The Porsche 911 is headed off-road with lifted suspension and intensive development programme taking it across the globe.
Update: The new Porsche 911 Dakar has been fully revealed, along with Australian pricing.
It’s been spied multiple times over the last year, but Porsche’s poorly kept secret is now official: an off-road version of the 992-generation 911 is imminent, and will be revealed at the Los Angeles Motor Show on 17 November. The 911 Dakar, as it will be known, is coming, and it will be a rival for the new Lamborghini Huracan Sterrato in a new and unique segment of off-road supercars.
The name is a reference to the marque’s breakthrough victory in the 1984 Paris-Dakar rally, using a modified 911 produced under the codename 953. This was the first 911 variant to ever be officially equipped with a four-wheel-drive system and the brand returned to win in the event again in 1986, using a specially prepared version of the 959.
The new 911 Dakar has undergone extensive testing off-road, Porsche claims, along with the Nurburgring development evident in the spy shots we’ve seen of the car over the last 12 months.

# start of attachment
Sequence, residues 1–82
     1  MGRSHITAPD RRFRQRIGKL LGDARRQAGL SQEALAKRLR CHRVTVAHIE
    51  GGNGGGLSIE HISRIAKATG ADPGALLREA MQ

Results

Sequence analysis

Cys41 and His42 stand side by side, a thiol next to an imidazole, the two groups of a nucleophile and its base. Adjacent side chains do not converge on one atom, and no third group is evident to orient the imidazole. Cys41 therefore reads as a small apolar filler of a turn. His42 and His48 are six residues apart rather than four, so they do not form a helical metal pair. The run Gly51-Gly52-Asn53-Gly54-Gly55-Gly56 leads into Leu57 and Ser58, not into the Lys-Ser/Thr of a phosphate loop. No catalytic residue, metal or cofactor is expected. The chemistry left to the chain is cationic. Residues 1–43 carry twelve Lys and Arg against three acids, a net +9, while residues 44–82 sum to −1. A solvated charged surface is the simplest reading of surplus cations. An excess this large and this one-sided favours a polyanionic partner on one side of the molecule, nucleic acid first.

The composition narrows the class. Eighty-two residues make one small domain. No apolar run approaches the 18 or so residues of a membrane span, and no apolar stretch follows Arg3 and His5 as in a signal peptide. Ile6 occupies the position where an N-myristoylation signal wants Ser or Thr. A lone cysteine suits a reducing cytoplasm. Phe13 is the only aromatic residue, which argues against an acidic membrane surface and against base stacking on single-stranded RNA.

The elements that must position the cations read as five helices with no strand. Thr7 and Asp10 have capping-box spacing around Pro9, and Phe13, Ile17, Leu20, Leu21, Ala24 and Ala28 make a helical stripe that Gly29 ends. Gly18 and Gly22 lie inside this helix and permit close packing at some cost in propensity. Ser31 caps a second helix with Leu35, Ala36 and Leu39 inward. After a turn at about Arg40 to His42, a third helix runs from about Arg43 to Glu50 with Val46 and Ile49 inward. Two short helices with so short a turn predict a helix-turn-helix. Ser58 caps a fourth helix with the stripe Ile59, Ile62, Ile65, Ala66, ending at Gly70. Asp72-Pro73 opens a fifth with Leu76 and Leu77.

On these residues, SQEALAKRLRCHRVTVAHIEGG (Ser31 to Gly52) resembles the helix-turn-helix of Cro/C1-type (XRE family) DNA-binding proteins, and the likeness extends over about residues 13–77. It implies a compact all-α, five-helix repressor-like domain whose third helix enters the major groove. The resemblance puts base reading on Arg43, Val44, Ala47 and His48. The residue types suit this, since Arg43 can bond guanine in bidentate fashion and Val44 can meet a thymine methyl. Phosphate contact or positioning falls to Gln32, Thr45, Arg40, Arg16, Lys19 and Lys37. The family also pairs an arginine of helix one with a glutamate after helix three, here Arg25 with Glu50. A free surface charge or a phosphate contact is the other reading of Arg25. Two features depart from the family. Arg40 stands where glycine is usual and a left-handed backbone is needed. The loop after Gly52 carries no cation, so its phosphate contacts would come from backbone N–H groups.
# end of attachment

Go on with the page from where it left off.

Porsche says that over 10,000 kilometres of off-road testing has been conducted. A lot of that has taken place at the Chateau de Lastours test track – a facility in southern France that many teams competing in the Dakar today use to develop and test their vehicles ahead of the rally. However, testing on ice and snow in the Arctic circle has also been conducted by two-time world rally champion Walter Rohrl.
The off-road development stage has been instrumental in fine tuning the new suspension setup used by the 911 Dakar, the technology of which has not been revealed just yet. However, the raised ride height is likely to be adjustable, possibly using a developed version of the Porsche Active Suspension Management with Air Suspension and Levelling used on the Panamera.
Arctic circle testing in Arjeplog in Northern Sweden was conducted to calibrate the car’s traction control and stability systems, while further testing in the sand dunes of Dubai and Morocco has seen the 911 Dakar put through its paces in regards to approach and departure angles and high heat.
The first official images of the car reveal little more than we’ve already seen in spy shots. The 992-generation 911’s bodywork receives only light modifications to accommodate the new, large wheels shod with all-terrain tyres and the additional ride height is also very clear.
Porsche has not issued any technical details relating to the car’s powertrain either, though from fuel consumption figures, preliminary data suggests that the 911 Dakar claims ever so slightly better fuel economy than the four-wheel-drive GTS model.
It’s all but certain that the 911 Dakar will use the 3.0-litre twin-turbocharged flat-six engine of the various Carrera models in the current 911 line-up, meaning a power output somewhere between 280kW and 350kW is likely.